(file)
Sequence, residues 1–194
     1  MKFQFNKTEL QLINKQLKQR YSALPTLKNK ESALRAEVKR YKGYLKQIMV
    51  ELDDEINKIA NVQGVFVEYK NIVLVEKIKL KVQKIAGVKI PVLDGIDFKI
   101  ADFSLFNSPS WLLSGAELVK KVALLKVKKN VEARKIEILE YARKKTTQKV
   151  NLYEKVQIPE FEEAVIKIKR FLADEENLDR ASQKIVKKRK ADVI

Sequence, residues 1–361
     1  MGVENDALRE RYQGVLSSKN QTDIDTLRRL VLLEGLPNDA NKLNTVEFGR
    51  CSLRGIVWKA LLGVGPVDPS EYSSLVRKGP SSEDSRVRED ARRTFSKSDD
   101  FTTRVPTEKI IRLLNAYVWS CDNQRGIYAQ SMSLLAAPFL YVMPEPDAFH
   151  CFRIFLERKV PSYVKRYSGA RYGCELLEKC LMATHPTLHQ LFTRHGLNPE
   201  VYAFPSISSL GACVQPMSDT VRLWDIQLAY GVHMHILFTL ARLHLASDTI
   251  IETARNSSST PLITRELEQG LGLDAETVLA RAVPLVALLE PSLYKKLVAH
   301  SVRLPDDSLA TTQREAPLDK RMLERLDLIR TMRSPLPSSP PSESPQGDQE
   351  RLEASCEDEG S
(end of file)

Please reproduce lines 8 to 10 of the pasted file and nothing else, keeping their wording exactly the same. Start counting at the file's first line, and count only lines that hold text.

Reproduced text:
    51  CSLRGIVWKA LLGVGPVDPS EYSSLVRKGP SSEDSRVRED ARRTFSKSDD
   101  FTTRVPTEKI IRLLNAYVWS CDNQRGIYAQ SMSLLAAPFL YVMPEPDAFH
   151  CFRIFLERKV PSYVKRYSGA RYGCELLEKC LMATHPTLHQ LFTRHGLNPE